I am hopeful, but not certain, that the following discussion would not be considered culturally inappropriate by Indigenous owners or managers of Uluru (the rock, that is; to avoid confusion, I will henceforth call Uluru rock-hole exactly that). My reservations largely stem from two of the three authors – Bill Harney and Charles Mountford – being excoriated in recent decades for, among other things, revealing Indigenous secrets about Uluru. The third author – Barry Hill – is in fact one such critic, as well as a writer from a more enlightened time: his Uluru book was written in the early 1990s, while Harney’s was written in the early 1960s, and Mountford’s in the 1940s. Countering these reservations is the fact that Barry Hill’s Uluru book at least mentions, albeit briefly, Uluru rock-hole by name:

“[The ancestral serpent] is called Wanampi, and it guards the Uluru waterhole in the upper reaches of Mutitjulu gorge” (6).

In fact, neither Harney nor Mountford have much to add to this, as far as their glosses of Indigenous understandings of Uluru rock-hole go. Instead, the Uluru rock-hole story that I want to tell, while containing ample mystery, is a geographical one, at bottom (and top, and sides). Put simply: Where on the rock is Uluru rock-hole?

Barry Hill’s above-quoted location of it “in the upper reaches of Mutitjulu gorge” is a useful starting point for my armchair quest. There is no mistaking what is Mutitjulu gorge – the big indentation on the south side of the rock, as singular an indentation among lesser others as the “climb” peninsula is – apart from the fact that this gorge forks, one branch going north-west (exactly following the vertical grooves), while the other goes more or less straight north. More worrying about Hill’s approach, however, than which gorge-branch (after all, it has got to be one or the other) is his interpretation of Harney, who “put the serpent at the base of the rock . . . ‘in the valley of Uluru’” (7). Harney does not place Uluru rock-hole/valley at the base of the rock, as the caption to the picture facing p 81 (8) makes clear – it is about halfway up/down, as well as being definitely the “north” (right-hand, as you look from the south) fork of the gorge. Page 91 of Harney, which refers to the Wanampi serpent looking down on tourists, reinforces this. Barry Hill has for some reason assumed that a “valley” can only mean something at ground level, as opposed to a “gorge”, which can also have “upper reaches”.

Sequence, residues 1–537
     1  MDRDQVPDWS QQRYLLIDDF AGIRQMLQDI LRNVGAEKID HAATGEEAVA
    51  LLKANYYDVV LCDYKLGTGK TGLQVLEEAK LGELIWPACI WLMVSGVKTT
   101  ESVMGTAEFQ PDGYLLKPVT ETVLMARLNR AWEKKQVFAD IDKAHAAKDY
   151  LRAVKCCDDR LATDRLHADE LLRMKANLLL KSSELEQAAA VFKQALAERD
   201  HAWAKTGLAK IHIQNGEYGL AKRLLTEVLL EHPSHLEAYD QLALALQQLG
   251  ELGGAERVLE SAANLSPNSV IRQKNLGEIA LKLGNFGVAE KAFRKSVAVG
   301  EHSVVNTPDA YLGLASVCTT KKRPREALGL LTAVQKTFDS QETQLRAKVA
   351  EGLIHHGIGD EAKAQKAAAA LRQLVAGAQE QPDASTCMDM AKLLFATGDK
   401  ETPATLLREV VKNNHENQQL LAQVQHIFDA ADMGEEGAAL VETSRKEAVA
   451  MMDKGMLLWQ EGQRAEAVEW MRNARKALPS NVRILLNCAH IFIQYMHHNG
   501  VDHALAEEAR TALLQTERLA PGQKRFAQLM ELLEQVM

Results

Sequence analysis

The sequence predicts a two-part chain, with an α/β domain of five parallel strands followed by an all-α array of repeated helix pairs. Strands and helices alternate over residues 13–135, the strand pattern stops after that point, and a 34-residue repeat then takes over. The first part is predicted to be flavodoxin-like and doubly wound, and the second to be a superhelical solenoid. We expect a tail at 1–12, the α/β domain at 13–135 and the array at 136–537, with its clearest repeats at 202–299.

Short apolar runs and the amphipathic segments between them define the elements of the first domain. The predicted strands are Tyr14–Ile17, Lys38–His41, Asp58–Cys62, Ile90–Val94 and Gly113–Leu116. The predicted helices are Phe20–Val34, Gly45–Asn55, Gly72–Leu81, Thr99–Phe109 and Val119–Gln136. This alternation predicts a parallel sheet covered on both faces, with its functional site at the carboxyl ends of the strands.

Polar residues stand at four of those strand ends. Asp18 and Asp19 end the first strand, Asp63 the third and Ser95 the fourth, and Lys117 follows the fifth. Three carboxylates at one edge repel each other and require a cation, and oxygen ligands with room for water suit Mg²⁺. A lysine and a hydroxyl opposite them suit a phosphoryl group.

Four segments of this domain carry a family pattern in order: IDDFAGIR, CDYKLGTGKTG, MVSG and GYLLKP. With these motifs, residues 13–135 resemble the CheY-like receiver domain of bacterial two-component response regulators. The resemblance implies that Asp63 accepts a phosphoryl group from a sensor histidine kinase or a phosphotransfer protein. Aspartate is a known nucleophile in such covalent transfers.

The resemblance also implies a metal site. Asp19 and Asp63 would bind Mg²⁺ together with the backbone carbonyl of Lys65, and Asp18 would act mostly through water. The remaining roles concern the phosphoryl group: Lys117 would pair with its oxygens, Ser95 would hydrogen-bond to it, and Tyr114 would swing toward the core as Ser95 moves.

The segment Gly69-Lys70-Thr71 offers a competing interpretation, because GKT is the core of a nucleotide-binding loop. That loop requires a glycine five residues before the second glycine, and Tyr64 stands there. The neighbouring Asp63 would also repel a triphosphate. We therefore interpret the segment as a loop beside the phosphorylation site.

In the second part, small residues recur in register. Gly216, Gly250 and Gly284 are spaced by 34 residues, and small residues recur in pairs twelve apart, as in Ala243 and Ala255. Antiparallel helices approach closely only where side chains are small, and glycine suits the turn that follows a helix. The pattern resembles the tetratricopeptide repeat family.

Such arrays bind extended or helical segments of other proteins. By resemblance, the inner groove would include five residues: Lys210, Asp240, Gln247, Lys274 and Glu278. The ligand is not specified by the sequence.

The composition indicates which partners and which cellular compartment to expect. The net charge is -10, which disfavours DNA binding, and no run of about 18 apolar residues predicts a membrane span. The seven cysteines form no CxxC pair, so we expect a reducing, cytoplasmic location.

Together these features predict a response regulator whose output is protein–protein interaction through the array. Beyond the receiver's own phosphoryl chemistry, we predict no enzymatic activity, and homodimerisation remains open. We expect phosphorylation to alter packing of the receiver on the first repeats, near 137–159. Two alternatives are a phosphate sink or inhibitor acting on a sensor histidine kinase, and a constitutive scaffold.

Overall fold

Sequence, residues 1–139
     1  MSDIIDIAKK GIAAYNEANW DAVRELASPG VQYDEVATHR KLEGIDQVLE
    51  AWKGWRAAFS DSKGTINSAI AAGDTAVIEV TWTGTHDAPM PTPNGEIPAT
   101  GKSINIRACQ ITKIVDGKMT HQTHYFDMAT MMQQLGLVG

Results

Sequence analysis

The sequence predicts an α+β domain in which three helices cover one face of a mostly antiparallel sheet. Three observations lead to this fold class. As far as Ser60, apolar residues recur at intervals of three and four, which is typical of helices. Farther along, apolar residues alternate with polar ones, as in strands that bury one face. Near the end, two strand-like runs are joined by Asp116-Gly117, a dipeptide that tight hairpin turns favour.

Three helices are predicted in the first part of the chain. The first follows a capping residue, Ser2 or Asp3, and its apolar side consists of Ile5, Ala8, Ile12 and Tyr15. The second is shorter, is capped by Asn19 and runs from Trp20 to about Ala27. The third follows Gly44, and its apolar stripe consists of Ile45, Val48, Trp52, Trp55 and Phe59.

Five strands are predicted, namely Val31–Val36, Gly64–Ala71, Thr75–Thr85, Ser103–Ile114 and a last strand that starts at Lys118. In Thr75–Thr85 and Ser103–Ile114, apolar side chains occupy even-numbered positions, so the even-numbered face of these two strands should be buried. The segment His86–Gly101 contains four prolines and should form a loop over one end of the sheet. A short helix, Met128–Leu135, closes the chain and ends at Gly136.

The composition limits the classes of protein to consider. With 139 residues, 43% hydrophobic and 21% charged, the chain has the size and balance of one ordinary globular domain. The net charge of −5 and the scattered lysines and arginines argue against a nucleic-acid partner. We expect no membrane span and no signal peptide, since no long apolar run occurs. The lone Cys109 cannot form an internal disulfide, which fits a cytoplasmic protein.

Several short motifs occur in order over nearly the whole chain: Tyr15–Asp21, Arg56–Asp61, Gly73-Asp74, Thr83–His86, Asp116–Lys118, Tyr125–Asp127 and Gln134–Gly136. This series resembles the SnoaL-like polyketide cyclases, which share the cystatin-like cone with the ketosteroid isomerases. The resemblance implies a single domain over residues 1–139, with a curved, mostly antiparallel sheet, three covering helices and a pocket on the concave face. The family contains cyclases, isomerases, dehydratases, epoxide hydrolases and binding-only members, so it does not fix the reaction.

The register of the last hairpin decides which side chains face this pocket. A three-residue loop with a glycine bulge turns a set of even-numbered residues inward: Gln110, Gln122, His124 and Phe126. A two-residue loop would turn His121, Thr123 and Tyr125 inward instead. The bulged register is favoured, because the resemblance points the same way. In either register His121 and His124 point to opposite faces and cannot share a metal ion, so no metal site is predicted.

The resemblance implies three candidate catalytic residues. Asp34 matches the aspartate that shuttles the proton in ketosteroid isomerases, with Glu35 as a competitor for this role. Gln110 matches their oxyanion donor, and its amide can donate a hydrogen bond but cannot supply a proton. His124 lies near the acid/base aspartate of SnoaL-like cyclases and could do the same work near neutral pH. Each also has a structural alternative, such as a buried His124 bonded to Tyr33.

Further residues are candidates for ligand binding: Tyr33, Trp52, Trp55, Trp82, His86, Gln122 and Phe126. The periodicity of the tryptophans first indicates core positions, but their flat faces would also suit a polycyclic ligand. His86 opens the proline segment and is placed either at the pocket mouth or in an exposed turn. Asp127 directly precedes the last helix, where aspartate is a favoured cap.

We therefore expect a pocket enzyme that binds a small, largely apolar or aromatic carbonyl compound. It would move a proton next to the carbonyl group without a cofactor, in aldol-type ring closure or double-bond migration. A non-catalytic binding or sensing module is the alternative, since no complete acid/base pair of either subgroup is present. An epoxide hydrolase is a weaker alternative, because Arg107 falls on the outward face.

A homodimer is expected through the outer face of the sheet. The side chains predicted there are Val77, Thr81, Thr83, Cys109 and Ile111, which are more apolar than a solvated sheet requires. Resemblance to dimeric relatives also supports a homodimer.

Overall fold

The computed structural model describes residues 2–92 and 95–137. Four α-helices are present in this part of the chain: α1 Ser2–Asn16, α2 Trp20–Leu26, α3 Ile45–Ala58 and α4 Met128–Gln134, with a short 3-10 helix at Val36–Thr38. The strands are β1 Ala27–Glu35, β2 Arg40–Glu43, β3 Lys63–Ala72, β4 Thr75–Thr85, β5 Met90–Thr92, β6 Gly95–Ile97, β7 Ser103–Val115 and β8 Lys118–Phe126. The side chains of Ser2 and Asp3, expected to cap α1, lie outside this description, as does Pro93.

This probably would be just pedantry on my part, were it not for Mountford also entering the fray, as it were. Whatever Harney’s faults in his dealings with Indigenous sacred knowledge were (and FWIW, Harney never climbed the rock (9)), Mountford was much, much worse. A handy barometer of Mountford’s attitudes is this:

“I decided to make the complete ascent, and get the matter of Uluru [rock-hole] over with, once and for all” (10).

Ah, so Uluru rock-hole is at or near the top of Uluru, or at least accessed by the top, you might think (as well as secretly hoping that Mountford didn’t get what he so badly wanted “over with” that day – in which case you’d be pleased that his Indigenous guide couldn’t find Uluru rock-hole on that day). Mountford appears adamant that Uluru rock-hole “is on the summit of Ayers Rock” (11), albeit somewhat paradoxically also being a “deep catchment” (ibid). Rather more paradoxically, he locates it on the “northern” (12) side of the summit (the opposite side to Hill’s and Harney’s Mutitjulu-gorge general area), yet his map (13) clearly locates it on the southern side, about 500m due east of Harney’s north-fork-of-the-gorge, about-halfway-up/down location. Several days later, Mountford does finally make it up and over the summit to what he is presumably told is the Uluru rock-hole (14). I will confidently speculate that it was no such thing – more so than because of the various contradictions in the rock-hole’s location is the fact that (as I can personally attest) there is no well-trodden path on the summit from top of the “climb” to what would surely be “the” rock-hole, were it on, or accessible from the summit.

And with that, we’ve gone full circle, I think.

Sidebar: Should the “climb” be banned?

One easy answer to this (provided that you have read the above exegesis) is that the rock ramp/peninsula that is also known as the “climb” be generally accepted as an extension of the summit, in which case going one metre up it from the ground will surely be sufficient summit for most (pedestrians journeying from the Gibson Desert possibly excepted). Sadly, while this makes perfect sense to me, because (i) the actual/“summit-iest” summit is comprehensively underwhelming, and (ii) up vs down on the rock is not as clear as you would assume without knowing the strange story of the Uluru rock-hole, I can’t really see it happening.